VCS is about balancing how Clorox positions products and markets for growth while enhancing profitability, reducing costs and improving service. To be successful, the company must embrace what it calls “good complexity,” and design for it and efficiently deliver it.
“VCS allows us to do that by having tailored supply chains with capabilities matched with product, market and company strategy requirements,” Hersh says.
Another key element is development of top managers who will be future leaders in the Clorox supply chain organization. The company needs its leaders to have strong understanding of key industry trends, understand the marketplace and be able to apply this external view to their daily work and thought processes.
“This is done through our annual Supply Chain Strategy & Leadership Forum [SLF], which was developed in partnership with Georgia Tech,” Hersh explains. “The learning process has four key elements: strategic thinking, operational excellence, leadership development and applied knowledge.”
Upon completion of this two-week program, Clorox’s leaders can employ a holistic and cross-functional view of the end-to-end supply chain. They can use a supply chain leadership mindset and be more collaborative with cross-functional partners in areas such as sales, marketing, finance, R&D, HR and IT. It also helps them to understand supply chain imperatives from a strategic and competitive standpoint, not just tactical. They also gain a conceptual understanding of all relevant issues and can drive needed supply chain transformations in their organizations.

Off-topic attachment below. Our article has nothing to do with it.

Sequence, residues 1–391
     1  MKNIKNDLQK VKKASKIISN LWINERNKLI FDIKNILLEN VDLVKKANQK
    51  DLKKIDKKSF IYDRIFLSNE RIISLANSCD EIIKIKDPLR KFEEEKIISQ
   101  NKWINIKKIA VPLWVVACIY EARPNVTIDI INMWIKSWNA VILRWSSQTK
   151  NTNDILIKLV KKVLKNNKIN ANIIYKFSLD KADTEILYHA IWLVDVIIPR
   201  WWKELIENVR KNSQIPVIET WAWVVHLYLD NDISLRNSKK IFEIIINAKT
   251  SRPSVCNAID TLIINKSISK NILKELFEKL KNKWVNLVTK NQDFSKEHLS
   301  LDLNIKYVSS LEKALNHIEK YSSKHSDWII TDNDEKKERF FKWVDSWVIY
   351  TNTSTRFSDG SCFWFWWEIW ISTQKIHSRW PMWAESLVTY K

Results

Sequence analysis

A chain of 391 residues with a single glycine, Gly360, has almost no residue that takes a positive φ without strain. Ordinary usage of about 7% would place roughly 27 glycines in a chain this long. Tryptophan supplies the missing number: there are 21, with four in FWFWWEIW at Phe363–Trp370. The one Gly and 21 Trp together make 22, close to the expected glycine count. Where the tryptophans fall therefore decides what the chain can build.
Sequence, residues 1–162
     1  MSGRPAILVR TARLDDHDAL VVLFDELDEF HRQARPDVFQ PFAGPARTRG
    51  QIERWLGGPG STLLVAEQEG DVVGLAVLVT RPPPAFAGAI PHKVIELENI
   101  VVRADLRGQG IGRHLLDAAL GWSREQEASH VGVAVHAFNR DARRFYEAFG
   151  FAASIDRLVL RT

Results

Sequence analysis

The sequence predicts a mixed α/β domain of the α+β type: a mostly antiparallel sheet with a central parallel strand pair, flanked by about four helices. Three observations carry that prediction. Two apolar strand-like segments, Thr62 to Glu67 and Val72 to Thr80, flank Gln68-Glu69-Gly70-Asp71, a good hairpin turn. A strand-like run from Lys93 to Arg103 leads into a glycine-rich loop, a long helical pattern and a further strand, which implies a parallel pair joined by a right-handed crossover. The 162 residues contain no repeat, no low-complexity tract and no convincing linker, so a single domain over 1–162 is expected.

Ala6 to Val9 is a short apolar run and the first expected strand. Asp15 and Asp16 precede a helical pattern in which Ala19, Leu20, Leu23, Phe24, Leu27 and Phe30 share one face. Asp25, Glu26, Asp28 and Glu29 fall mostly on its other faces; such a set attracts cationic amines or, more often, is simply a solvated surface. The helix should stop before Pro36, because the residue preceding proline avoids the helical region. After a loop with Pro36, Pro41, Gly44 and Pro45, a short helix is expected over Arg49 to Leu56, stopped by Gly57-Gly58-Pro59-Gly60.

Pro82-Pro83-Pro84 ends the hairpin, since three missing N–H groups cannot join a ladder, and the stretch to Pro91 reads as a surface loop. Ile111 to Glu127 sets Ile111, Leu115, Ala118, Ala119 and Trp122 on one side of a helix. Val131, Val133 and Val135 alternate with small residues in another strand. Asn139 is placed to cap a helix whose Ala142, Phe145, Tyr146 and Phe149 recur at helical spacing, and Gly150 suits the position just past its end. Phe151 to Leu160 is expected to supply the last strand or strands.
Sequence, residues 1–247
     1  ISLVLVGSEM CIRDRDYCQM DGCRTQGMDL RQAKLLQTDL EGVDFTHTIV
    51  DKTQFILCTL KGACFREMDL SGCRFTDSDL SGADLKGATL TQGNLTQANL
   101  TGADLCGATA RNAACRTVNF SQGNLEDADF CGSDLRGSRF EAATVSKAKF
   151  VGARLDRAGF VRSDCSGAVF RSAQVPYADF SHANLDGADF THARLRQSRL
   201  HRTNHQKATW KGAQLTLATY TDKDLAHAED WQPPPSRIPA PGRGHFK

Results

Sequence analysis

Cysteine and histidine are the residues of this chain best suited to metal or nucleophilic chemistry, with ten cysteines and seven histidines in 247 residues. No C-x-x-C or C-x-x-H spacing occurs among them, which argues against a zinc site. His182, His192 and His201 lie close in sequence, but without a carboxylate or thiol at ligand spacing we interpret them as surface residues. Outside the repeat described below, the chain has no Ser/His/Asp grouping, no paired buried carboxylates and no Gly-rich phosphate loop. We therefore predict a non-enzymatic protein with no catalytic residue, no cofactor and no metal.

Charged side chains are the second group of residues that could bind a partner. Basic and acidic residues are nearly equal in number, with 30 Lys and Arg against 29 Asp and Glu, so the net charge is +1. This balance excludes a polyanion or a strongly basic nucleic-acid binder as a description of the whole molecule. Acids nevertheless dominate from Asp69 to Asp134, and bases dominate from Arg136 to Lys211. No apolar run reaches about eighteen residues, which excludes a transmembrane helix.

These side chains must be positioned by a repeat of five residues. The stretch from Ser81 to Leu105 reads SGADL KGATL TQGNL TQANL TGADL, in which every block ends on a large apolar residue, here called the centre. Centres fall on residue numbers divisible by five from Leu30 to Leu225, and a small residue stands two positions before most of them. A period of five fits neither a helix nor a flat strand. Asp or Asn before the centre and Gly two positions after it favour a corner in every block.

The third element is Clorox’s Product Supply Organization (PSO) Operating Model, which is its operating design and structure. The scope of the supply chain organization is an integrated end-to-end approach that includes planning, supply chain strategy, global strategic sourcing, manufacturing, logistics, operational and technical services, project management and customer support. All of these functions report to a senior vice president – chief product supply officer . Clorox also employs a role it calls “integrator,” a person who reports to both PSO and business unit leaders.
“These individuals help translate the needs of the business for supply chain and also influence business unit strategies based on supply chain capabilities,” Hersh says. “By taking an end-to-end design approach for the PSO operating model and combining all of the supply functions under one leader, we are very effective at driving transformational improvement and delivering the needs of the business.”
In the years ahead, Clorox will continue to build strong ties to retailers and vendors. It employs an ongoing Voice of the Customer (VOC) process to understand retailer priorities, and it has built a robust supplier relationship management approach to build strong collaborative partnerships with key vendors.
The company will also invest in improving end-to-end supply chain performance. It will continue to focus on being more demand-driven while implementing lean across the entire Clorox enterprise. The company also plans to enhance its ability to integrate acquisitions and new product adjacencies. Clorox will also look to drive e-commerce growth, enhance enterprise data management, look for consumer-data-driven insights and data management, and improve key business processes to improve working capital.
“We’re developing a plan to meet the needs of the future,” Hersh says. “We’re focused on delivering the company’s strategy with supply chain capabilities that enable its product, market and strategic objectives.”